See article below about the newest neighborhood in SF, Mission Bay. I recently moved into UCSF housing at mission bay and have been enjoying the location. Not only is the weather warmer and sunnier, but the UCSF campus is in close proximity to the Giants ballpark and Philz coffee (albeit not as tasty as the Philz in the Mission). Also, MB is close to the freeways and the Bay Bridge for easy access to south bay and Napa. One downside of Mission Bay is the lack of restaurants and relatively higher levels of crime compared to the inner sunset. However, Mission Bay will be growing very rapidly in the next few years, especially as UCSF pumps more cash into the area and the new women's/children's/cancer (not quite sure how those are related) hospital becomes completed.
Mission Bay becoming a real neighborhood
Meredith May, Chronicle Staff Writer
Wednesday, August 26, 2009
It's a Wednesday morning in San Francisco's newest neighborhood.
As construction workers raise steel into place on emerging high-rises, a man blasts a serve on the beach volleyball court under the Interstate 280 overpass.
Biotech workers and suited professionals crowd the bar at Philz Coffee, where tattooed baristas place mint leaves on steaming cups of individually filtered coffee.
Retiree Toby Levine surveys the Mission Bay morning from her high-rise terrace, where signs of a community are finally starting to emerge.
It's taken four mayors and three planning directors to create what is now the last swath of San Francisco land where planners can create a neighborhood from scratch. So far, 3,000 people have moved into the 300-acre rail yard south of the Giants baseball park. The neighborhood is 35 percent built, and 15 years from now, it's expected to have 11,000 residents.
Mission Bay feels as if it escaped the economic downturn - stores are opening, buildings are going up, and young professionals are zipping out of $700,000 condos to get to work. Most live in a six-block area north of Mission Bay Creek. These pioneers say it's now starting to feel like a place worth staying in on the weekends.
"It's changed a lot. It's way more crowded now," said Claudia Arrenberg, 27, who shopped for pasta and fruit with her 2-year-old daughter at the new Mission Bay Farmers' Market.
She moved into UCSF student housing with her husband in 2005 so he could study neuroscience. But it was such a ghost town that they moved to Alamo Square, even though it was more expensive. They returned in 2008.
There's a public library, senior housing, a Safeway beneath the offices of the California stem cell research headquarters.
Half of UCSF's 12 buildings are completed, and dog walkers and parents are beginning to draw battle lines over the patches of park.
"We got more families than we expected, many couples with kids who commute to the South Bay on Caltrain," said Kelley Kahn, who manages the Mission Bay project for the San Francisco Redevelopment Agency.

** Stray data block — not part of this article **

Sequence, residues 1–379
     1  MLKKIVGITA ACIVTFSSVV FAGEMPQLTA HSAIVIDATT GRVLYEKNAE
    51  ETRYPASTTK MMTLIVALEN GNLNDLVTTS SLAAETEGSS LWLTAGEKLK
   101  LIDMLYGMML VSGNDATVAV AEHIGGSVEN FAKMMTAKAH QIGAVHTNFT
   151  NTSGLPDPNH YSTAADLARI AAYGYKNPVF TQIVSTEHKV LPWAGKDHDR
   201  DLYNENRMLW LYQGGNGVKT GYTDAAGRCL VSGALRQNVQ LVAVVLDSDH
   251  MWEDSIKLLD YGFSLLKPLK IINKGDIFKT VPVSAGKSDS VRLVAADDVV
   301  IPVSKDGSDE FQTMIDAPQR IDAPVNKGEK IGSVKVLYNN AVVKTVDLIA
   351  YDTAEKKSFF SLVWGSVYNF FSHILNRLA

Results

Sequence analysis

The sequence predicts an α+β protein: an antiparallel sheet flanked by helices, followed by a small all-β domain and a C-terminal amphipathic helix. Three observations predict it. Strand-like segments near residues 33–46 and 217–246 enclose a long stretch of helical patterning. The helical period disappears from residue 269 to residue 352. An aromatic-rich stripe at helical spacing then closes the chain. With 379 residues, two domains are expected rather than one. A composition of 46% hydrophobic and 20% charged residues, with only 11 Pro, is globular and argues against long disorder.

"We thought we'd see more people in their late 20s, but it's older parents starting families and retirees wanting to leave the hassle of owning a house."
Levine is one of those retirees, who, after 40 years in the Mission District moved to a Mission Bay apartment in 2007 with her husband.
She began pushing for a tot lot after she discovered that there are 300 children in Mission Bay, but there's no playground.
"I like the adventurousness of starting something new at my age, and being in the middle of a tremendously important development for the future of the city," said Levine, 75.
Mission Bay is expected to create 31,000 new permanent jobs that range from retailers to biomedical researchers.
Levine has found it difficult to create community in Mission Bay, and she figures that's because the young professionals who work so hard to afford to live there just want to close their doors and relax at the end of the workday.
It's an investment to move to Mission Bay - condos start at $600,000 and go up to more than $1 million.
Nearly one-third of Mission Bay's homes will be reserved for low-income families, more than is required by law, Kahn said.
Mission Walk - a two-building development with the first below-market-rate homes in the neighborhood - is set to open in September. Nearly 650 people applied for one of the 131 townhomes and condos, which were priced from $149,000 to $302,000.
The Mission Bay of the future will have 6,000 homes, a 43-acre UCSF campus that includes a 550-bed hospital, 41 acres of new parkland, 4.4 million square feet of biotech and lab space, and 500,000 square feet of retail shops. It will have a 500-room hotel and a public school.
Residential construction south of the creek has slowed, Kahn said, because developers can't get financing.
"If the economy is worse than we thought, and it stays this way for five or seven more years, we'll be in trouble, but right now we are OK. We have money in the bank," she said.